Iqbal's Concept of God by M. S. RaschidIqbal's Concept of God by M. S. Raschid

Iqbal's Concept of God

byM. S. Raschid

Hardcover | March 1, 2010

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This book is based upon a detailed and critical examination of Iqbal's concept of God as expounded in Chapter II of The Reconstruction of Religious Thought in Islam. His concept of God is a finite (panentheistic) one and is based largely upon Iqbal's reading of Western philosophy (Hegel,Whitehead and Bergson). Iqbal draws extravagant metaphysical conclusions from his reading of these Western thinkers; he then relates these philosophical theses to the Quran and the tradition of Muslim thought.Iqbal's finite (panentheistic) deity is very close to the (pantheistic) Sufi concept of God. However, Iqbal manages to ignore the whole tradition of tafsir (exegesis) and kalam (theology). Additionally, his finite deity cannot be reconciled with the Quranic doctrine of God.A similar conclusion is reached following an examination of the Sufi teaching as expounded by Isa Nuruddin (Fritjhof Schuon) and Abubakr Sirajuddin (Martin Lings).This conclusion leads to contemporary discussions of mysticism.Finally, an attempt is made to go beyond Iqbal and to specify the precise logical peculiarity of 'the problem of God'.
The author is a British citizen of Indo-Burmese origin and was born in Rangoon on the 28th December 1937. M. S. Raschid was educated at Trinity College Cambridge, London and Edinburgh Universities. After qualifying as a medical doctor he took a research degree in Philosophy of Religion at King's College, London. His professional caree...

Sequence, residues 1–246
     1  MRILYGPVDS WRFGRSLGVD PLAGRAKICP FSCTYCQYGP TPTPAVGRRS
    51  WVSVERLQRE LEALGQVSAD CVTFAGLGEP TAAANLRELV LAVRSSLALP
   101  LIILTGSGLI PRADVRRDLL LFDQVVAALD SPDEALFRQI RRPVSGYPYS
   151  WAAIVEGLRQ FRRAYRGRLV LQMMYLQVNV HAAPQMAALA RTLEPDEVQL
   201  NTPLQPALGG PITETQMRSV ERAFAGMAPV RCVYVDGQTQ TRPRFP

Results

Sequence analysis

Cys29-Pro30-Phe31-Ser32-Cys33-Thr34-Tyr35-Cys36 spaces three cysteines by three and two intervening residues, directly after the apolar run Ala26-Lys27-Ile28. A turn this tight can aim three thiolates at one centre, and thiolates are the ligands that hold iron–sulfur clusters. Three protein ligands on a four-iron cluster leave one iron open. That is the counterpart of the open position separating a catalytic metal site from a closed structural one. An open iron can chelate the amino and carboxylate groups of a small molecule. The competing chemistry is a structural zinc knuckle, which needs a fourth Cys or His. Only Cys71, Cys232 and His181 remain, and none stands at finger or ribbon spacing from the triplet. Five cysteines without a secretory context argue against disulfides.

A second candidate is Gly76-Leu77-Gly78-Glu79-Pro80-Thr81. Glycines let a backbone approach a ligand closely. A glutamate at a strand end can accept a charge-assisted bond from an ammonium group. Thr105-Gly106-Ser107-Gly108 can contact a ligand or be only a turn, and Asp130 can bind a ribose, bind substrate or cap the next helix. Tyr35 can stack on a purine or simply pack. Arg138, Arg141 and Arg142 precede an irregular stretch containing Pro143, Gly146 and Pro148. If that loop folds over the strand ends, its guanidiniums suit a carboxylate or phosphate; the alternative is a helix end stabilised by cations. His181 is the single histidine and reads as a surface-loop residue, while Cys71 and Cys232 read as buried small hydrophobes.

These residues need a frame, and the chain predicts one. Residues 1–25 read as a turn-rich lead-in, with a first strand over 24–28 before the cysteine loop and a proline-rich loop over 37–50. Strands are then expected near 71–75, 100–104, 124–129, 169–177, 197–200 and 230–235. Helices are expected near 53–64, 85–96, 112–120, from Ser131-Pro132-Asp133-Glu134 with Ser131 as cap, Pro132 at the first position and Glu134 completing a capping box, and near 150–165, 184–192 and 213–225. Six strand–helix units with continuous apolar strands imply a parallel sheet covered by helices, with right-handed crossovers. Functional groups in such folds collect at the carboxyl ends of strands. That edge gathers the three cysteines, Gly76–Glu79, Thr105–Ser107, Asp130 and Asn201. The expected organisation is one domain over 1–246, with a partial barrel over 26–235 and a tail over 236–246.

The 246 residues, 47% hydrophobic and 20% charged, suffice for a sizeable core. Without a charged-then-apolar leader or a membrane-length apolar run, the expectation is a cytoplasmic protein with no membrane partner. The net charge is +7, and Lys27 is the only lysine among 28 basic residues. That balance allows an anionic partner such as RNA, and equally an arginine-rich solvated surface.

Title:Iqbal's Concept of GodFormat:HardcoverDimensions:350 pages, 8.5 × 5.43 × 0.03 inPublished:March 1, 2010Publisher:Oxford University PressLanguage:English

The following ISBNs are associated with this title:

ISBN - 10:0195476948

ISBN - 13:9780195476941


Table of Contents

AcknowledgmentsIntroduction and summaryPart I: Iqbal and the western tradition1. The arguments for the existence of God2. Hegel3. Science4. Bergson5. Conclusions and critiquePart II: Iqbal and the Muslim tradition6. Iqbal and Quran7. al-Ghazali and Abul-Kalam Azad: Muslim theism: the classical formulation of the orthodox doctrine8. Muhammad Iqbal: Muslim panentheism: the modernist 'reconstruction' of the Quranic doctrine9. Isa Nuruddin and Abubakr Sirajuddin: Muslim pantheism: the contemporary exposition of the Sufi doctrine10. Mystical experience and interpretationPart III: Beyond Iqbal: the nature of the problem of God11. The logic of the infinite12. The nature of our knowledge of GodNotesBibliographyIndex